Superfund case studies: Is federal intervention the way to go

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The Valley of the Drums
“The Valley of the Drums,” a nightmarish dumpsite of more than 17,000 chemical barrels near Louisville, Kentucky, was placed on the Superfund list in 1983 and was declared safe in 1990 — and promptly touted as one of the early triumphs of the Superfund program. But last year, a second, unnoticed barrel-strewn landfill was discovered on the other side of a chain link fence ringing the original site. The site is currently being remediated.
Result: Mixed. First clean-up took seven years, but was incomplete.

The Upper Hudson River
Contamination of the Hudson was mostly confined to a 40-mile stretch near Albany where General Electric dumped more than 1.3 million pounds of PCBs, a potential carcinogen, into the river before 1977. In 1984, the feds designated most of the river a Superfund site — but then spent the next 16 years fighting to get GE to pay for the clean-up. In 2002, the company agreed to spend at least $750 million. Removal of the PCBs is expected to be finished in 2015.
Result: Clean-up not finished. Slated to take 31 years.

The Love Canal
The granddaddy of environmental catastrophes, this troubled section of Niagara Falls, NY actually spawned the legislation in 1980 that created the Superfund program. The trouble started in the late 1970s when investigators noticed high levels of birth defects and rare cancers in the area — the result of long-buried chemicals seeping into homes and a school. A horrified nation prompted the government to evacuate hundreds of families. Though some critics say there are lingering risks, the Environmental Protection Agency removed the Love Canal from the Superfund list in 2004 after a $400-million cleanup.
Result: Clean-up took 24 years, though it’s unclear if it fully worked.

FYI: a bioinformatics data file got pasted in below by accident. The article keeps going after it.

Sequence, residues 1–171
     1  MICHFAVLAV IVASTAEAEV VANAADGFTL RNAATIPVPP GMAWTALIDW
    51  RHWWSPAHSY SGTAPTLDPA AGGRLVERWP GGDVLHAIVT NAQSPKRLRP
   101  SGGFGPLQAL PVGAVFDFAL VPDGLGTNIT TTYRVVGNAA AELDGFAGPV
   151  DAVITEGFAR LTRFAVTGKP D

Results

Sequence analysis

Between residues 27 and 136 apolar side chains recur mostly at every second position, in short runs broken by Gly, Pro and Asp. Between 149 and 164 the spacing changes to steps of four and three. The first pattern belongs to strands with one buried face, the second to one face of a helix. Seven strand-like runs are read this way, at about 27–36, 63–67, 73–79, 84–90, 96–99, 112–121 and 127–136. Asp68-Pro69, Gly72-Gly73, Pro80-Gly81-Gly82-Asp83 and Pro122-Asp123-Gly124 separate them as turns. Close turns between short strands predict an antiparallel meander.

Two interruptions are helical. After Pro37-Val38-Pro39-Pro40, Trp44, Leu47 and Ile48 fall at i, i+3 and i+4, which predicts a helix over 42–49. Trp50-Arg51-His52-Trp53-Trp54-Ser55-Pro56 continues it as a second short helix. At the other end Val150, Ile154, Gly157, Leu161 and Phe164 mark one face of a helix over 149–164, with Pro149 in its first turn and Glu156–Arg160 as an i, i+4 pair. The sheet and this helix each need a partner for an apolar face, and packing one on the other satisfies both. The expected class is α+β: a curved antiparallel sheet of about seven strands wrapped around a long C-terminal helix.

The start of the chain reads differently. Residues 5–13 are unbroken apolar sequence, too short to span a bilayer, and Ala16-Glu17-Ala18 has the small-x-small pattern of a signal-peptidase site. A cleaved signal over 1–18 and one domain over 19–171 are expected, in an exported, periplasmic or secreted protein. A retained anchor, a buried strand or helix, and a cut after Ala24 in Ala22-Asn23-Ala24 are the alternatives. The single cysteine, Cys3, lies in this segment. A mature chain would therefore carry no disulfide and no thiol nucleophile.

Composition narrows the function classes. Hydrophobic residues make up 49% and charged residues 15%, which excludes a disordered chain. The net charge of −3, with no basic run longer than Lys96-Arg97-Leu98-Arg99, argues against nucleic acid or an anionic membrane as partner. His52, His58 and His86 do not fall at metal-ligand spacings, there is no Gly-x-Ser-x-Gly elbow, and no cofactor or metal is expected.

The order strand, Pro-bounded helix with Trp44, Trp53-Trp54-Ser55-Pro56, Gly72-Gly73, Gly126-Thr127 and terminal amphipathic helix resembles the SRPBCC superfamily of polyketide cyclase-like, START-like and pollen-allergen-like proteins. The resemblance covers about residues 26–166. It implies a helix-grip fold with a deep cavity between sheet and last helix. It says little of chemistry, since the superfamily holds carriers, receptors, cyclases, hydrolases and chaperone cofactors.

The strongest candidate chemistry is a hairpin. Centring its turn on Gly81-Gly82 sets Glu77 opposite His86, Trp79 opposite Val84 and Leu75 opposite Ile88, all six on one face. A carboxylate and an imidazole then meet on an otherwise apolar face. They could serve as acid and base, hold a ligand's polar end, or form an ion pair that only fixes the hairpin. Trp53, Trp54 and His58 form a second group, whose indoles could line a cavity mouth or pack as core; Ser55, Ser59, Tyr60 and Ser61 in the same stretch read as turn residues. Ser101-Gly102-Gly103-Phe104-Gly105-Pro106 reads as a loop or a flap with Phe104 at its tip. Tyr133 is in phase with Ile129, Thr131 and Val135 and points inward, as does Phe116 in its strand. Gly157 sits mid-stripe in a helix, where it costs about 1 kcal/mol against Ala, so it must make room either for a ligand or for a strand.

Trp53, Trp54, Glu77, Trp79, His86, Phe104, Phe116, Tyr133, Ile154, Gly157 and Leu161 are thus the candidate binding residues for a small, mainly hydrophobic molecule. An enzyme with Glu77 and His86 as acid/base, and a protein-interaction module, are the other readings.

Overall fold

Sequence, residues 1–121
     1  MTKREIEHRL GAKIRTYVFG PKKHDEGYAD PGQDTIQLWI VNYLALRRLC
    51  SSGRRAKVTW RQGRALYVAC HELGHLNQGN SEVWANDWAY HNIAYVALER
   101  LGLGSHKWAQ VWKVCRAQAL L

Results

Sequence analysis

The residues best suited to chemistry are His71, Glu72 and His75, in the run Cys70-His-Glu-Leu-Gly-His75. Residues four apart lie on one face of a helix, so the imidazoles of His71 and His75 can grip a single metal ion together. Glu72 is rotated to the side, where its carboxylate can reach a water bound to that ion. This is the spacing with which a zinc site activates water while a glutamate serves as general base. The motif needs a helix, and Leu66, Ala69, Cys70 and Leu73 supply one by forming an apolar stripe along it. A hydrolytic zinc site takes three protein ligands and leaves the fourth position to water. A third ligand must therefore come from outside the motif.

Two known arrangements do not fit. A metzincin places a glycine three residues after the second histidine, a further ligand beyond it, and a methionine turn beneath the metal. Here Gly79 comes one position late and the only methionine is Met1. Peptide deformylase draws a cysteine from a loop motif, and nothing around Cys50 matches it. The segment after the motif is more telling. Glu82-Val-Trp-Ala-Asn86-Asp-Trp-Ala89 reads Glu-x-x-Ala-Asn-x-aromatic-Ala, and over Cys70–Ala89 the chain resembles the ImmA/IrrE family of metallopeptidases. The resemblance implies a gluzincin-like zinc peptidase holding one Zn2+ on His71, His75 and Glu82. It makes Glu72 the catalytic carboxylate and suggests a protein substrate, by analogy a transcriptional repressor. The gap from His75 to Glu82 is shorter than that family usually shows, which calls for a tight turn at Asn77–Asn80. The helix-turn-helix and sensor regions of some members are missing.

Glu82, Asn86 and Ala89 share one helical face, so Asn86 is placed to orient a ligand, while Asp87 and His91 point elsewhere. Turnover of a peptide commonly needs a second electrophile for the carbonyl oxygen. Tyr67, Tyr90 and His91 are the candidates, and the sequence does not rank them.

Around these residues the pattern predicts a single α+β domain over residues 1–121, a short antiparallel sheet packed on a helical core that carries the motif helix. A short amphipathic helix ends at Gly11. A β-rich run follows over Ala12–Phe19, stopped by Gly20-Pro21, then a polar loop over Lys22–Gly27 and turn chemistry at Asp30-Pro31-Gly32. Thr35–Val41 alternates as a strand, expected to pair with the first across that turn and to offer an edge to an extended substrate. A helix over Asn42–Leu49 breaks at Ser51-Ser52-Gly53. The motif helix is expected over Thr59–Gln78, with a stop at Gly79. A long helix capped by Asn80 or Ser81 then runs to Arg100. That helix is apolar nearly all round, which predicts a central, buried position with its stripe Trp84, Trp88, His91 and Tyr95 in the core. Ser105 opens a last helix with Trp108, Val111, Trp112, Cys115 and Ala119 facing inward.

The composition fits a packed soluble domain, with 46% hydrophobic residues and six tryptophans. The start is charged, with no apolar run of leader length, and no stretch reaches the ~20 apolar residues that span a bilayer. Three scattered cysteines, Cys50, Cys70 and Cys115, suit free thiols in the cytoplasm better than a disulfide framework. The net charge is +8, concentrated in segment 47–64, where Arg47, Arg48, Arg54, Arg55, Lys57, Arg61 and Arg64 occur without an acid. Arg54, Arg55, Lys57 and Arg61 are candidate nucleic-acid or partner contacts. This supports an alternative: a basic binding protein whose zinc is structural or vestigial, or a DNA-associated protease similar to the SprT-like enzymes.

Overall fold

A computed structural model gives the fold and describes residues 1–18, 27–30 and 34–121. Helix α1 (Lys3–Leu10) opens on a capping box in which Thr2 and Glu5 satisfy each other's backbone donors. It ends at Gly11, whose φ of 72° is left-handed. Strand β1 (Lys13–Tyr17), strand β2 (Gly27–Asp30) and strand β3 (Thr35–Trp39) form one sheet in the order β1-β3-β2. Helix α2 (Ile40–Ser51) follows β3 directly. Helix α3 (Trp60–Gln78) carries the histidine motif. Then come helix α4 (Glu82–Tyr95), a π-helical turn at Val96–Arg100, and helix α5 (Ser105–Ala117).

There’s substantial debate over whether federal Superfund designation is a good thing or a bad thing for a toxic site. Here are some case studies:

Updated 5:12 pm, July 9, 2018
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Reasonable discourse

Sid from Boerum Hill says:
no money in the SuperFund!
April 16, 2009, 11:27 am
Agnes from Gowanus says:
So let's let Toll Bros. build - they say the Gowanus Canal isn't really that dirty. They got their spot rezoning after spending hundreds of thousands of dollars lobbying for it. Then they try to sell their expensive condos (they are luxury home builders) - of course, anyone can google and find out that the canal was nominated as a Superfund site. Who in their right mind would choose to live there knowing the place is not cleaned up - that Toll actually fought the clean-up?

But if the canal is remediated - and the EPA clearly stated they would remediate to accomodate the wishes of the community, then it is a potential win-win. I have been in this area 25 years now, and the time goes very quickly!

Note that the EPA stated that they are the only one to really clean the canal properly and comprehensively.
April 16, 2009, 10:46 pm
observer from all says:
The amount of misinformation and half truths regarding this issue is amazing... EPA has no intention of cleaning the canal.. their efforts will focus on finding a responsible party for sediment contamination from historic coal tar sites along the canal.. this contamination lies anywhere from 5 -15 ft below the surface sediments... the lawsuits that will sort out liability for this contamination and who untimately does the work and pays could take decades to sort out..
April 23, 2009, 10:26 am
JP from South Brooklyn says:
Observer is correct in that the long periods before remediation is complete largely stem from litigation. The EPA must first identify potentially responsible parties, then sue them to undertake or pay for the remediation, and then, simultaneously or afterwards, the PRPs sue their insurers for the cash to pony up for the remediation. As the pollution from manufactured gas plants (I'm assuming this is the bulk of the pollution) started in the 19th c., obtaining evidence can be difficult. But the actual remediation can take place in as little as a few years for MGP sites.
April 23, 2009, 1:39 pm

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